This has got to be one of my favourite kind of meals—it’s soupy, it’s spicy and creamy, it’s full of veggies and seafood, and healthy to boot!—a combination of Indonesian and Thai ingredients and flavours that burst in the mouth and feel like there is sunshine radiating from the plate in this Special Dish for the Week:
On a recent trip to T&T Supermarket, the Asian grocery store at the edge of Vancouver’s Chinatown, to pick up some specialised ingredients for my multitude of Bali dinners following my recent self-directed healing retreat in Bali, I picked up some rice vermicelli noodles.
I have been salivating over the thought of making some type of a laksa meal since I was reminded of this delicious dish during my recent travels.
Laksa is actually a Malaysian dish of Chinese origin, though through the use of ingredients and spices, it can be varied in flavour. I use an Indonesian seafood recipe with spices that I am familiar with from Thai cuisine, and it turns out to be a taste sensation.
I start by finely chopping the spice and vegetable ingredients:
- 1 stem of lemongrass, cut into 2 inch lengths
- 8 leaves of kaffir lime leaves, thinly sliced
- 4 small Indian eggplants, cubed into 8ths
- 4 shiitake mushrooms, thinly sliced
- small piece of green cabbage, thinly sliced
When the sliced ingredients are ready, I sautée the spices:
- 1 tbsp coconut oil
- 1 tsp turmeric powder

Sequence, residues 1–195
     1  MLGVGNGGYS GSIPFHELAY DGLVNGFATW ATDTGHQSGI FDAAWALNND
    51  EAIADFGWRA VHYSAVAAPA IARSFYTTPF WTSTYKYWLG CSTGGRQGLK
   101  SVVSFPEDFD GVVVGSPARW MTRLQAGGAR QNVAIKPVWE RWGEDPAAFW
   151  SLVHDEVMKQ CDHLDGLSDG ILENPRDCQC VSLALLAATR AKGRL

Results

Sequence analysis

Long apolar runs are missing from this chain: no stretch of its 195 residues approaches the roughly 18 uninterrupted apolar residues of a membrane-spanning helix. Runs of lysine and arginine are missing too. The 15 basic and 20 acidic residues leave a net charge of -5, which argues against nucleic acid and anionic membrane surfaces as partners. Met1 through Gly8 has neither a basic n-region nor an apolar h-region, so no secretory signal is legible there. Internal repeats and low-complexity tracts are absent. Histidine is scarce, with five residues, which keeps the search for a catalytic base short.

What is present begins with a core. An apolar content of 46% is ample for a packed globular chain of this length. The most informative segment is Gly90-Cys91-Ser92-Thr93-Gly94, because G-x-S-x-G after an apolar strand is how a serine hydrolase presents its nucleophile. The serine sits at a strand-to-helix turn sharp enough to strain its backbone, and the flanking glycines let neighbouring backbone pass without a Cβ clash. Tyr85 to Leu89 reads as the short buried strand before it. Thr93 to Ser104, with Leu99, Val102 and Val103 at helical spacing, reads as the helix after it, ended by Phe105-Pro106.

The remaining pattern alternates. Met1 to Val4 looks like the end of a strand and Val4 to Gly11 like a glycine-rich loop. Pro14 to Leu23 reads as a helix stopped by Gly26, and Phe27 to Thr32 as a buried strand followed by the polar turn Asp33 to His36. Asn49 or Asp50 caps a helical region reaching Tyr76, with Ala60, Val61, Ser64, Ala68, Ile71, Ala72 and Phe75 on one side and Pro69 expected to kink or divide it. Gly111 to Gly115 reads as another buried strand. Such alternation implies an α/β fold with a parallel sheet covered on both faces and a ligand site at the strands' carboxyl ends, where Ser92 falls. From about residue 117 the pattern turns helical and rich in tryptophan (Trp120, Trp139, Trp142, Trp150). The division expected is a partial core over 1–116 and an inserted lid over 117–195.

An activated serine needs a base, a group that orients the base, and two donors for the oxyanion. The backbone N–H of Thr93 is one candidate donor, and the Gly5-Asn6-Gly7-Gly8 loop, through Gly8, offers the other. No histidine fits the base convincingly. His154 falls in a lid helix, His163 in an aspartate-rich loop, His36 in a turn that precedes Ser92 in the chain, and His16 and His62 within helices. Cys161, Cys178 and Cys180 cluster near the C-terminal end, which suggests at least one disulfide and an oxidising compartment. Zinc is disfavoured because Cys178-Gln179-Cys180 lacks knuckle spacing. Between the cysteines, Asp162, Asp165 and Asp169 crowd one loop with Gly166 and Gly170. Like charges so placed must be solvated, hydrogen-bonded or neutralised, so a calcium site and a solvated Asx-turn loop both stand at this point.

- 1/2 tsp black pepper
- 1 tsp Sambal Oelek
- 1 tsp shrimp paste (a bit more if using shrimp sauce)
- 2 tbsp fish sauce (or 1.5L fish stock or bone broth, whichever is on hand, but using stock requires longer cooking time to reduce the volume)
I then add 2-3 cups of coconut milk to make the soup, into which I add the chopped spices and vegetables when the soup is lightly bubbling hot.
I let the veggies soften and absorb some of the soup’s flavours.
Meanwhile, I boil up some water, and place my package of rice vermicelli noodles in the hot water for about 10 minutes. (This dish could also be made with buckwheat soba noodles, for some Japanese influence on the taste, texture and nutrient composition.)
I drain the noodles in a colander, and set them aside covered with a lid.
After 10 minutes of warming up the vegetables, I add the seafood:
- shrimp, dethawed and peeled
- red snapper, sliced into small chunks (or any other white fish fillet)
I let the dish warm and cook for another 10 minutes, and I serve it by placing a generous portion of warmed rice vermicelli and topping it with a couple ladlefuls of the laksa soup, veggies and seafood.
I enjoy this pure sunsine in a bowl dish with a glass of my favourite Apothic Red wine and a flower by my side.
Meal ideas & recipes from Periplus Mini Cookbooks “Step by Step – Indonesian Cooking”.